Last Updated: March 20, 2006
|San Cristobal is not the tallest volcano in Nicaragua, but it is the most massive. It is locally known as El Viejo, which translates as "the old one."
San Cristobal is a stratovolcano that has a basaltic cone with a flattened top. This cone is built of alternating layers of lava and tephra. These alternating lava layers allowed the volcano to grow large by keeping the tephra layers from eroding. The symmetrical cone, San Cristobal (also known as El Viejo) is the highest peak of the Maribios Range, and is capped by a 500 x 600 meter wide crater. It is the youngest and most active cone in the five crater complex. The communities of El Viejo and Chinandega are located near San Cristobal, but are only threatened by ashfall.
Lava from San Cristobal is aa. It is uniformly basaltic with many phenocrysts. These lavas are also very rich in vesicles. Lava flows from San Cristobal are usually between 10 and 13 km in length with a single vent leading to each flow. Several small cinder cones have also formed at these vents at the base of the volcano.
San Cristobal spent almost three centuries in a dormant state between 1685 and 1971. In 1971, San Cristobal had 3 craters. These began to sink with renewed activity and had gone down almost 90 meters after eruptions in late 1976. The latest eruption was in 2005.
|The San Cristobal volcanic complex consists of five principal edifices. The youngest cone, the namesake San Cristobal is the highest peak of the Marrabios Range. Several radial flank craters occur along a N-S line on the outer north flank of 1745-m-high San Cristobal. Historical activity, consisting of small-to-moderate explosive eruptions, has been reported since the 16th century. The SW crater rim (left) rises 140 m above the NE rim because prevailing trade winds distribute tephra to the SW.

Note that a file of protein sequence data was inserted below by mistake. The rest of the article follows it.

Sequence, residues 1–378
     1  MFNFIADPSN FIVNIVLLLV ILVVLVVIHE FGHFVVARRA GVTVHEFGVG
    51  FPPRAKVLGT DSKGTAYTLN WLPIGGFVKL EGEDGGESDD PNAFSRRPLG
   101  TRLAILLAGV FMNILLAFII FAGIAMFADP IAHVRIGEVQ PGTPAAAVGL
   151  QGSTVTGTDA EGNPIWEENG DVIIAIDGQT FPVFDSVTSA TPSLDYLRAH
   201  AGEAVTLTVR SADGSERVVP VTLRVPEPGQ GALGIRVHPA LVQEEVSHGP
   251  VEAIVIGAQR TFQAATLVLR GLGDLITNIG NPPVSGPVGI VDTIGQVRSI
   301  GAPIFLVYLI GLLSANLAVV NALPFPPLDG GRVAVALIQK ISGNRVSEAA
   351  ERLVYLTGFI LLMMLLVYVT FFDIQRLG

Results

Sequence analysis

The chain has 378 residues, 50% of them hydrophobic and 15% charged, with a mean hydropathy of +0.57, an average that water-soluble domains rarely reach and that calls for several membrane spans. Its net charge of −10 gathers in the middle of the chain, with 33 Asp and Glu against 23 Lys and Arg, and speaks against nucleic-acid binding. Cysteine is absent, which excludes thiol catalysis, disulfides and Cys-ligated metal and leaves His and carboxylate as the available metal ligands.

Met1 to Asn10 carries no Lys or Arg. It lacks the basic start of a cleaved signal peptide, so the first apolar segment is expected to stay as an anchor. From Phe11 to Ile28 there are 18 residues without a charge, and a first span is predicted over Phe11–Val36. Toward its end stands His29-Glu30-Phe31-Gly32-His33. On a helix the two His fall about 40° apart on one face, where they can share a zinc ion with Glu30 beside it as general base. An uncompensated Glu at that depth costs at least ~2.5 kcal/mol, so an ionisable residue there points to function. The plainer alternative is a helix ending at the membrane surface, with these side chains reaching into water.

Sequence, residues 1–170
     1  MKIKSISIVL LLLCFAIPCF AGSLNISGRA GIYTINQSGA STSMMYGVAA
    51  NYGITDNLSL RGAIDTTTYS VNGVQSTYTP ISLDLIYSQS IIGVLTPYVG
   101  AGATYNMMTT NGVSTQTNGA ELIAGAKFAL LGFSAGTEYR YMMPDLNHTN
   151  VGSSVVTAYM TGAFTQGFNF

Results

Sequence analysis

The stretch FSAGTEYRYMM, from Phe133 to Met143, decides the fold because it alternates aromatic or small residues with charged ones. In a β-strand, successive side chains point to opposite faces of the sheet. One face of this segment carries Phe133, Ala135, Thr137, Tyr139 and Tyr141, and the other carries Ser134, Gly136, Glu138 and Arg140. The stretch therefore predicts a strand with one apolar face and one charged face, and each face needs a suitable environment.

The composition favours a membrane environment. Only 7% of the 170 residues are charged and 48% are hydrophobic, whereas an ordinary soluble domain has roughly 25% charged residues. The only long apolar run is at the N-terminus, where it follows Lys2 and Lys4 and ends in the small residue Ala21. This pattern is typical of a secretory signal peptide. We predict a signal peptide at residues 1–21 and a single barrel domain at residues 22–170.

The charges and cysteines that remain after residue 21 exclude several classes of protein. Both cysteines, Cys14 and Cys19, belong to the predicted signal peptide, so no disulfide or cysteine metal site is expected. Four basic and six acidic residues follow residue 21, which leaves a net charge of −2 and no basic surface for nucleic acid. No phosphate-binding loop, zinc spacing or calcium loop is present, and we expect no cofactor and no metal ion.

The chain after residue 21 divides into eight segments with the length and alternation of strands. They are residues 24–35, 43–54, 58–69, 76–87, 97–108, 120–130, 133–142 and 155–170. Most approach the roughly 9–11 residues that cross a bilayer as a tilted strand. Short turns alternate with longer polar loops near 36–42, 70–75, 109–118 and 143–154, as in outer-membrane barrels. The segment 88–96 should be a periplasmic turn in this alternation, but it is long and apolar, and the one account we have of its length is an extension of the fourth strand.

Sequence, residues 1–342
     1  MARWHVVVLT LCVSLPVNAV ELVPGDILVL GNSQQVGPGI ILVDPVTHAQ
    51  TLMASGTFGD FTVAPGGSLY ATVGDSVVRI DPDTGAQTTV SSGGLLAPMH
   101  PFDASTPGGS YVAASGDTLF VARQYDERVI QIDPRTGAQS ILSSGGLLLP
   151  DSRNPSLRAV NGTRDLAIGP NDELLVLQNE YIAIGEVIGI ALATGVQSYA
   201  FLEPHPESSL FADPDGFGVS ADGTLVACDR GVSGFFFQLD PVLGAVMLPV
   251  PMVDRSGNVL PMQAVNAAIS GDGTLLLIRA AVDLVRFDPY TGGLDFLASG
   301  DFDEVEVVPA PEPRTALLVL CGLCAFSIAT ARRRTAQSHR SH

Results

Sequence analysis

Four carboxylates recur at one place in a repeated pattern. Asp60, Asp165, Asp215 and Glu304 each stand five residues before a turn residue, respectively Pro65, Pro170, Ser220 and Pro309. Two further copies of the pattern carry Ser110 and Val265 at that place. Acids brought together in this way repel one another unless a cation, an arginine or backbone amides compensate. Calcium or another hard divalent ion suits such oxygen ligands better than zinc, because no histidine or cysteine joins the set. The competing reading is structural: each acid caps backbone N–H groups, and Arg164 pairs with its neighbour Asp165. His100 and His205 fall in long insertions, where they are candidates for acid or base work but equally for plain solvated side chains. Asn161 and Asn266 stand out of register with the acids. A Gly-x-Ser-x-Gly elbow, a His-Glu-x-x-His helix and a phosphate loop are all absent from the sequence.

For more information about Lahar hazards at San Cristobal, see:
J.W. Vallance, S.P. Schilling, G. Devoli, M.E. Reid, M.M. Howell, and D.L. Brien, 2004, Lahar Hazards at Casita and San Cristobal Volcanoes, Nicaragua: USGS Open-File Report 01-468
Sources of Information:
Some information provided courtesy of the Smithsonian's Global Volcanism Program and the US Geological Survey's Volcano Hazards Program.
Hazlett, Richard, "Geology and Hazards of the San Cristobal Volcanic Complex," M.S. Thesis, Dartmouth College, Hanover, NH, 212pp., June 1977.
Simkin, Tom and Siebert, Lee, "Volcanoes of the World," Geoscience Press, Tuscon, AZ, 349 pp., 1994.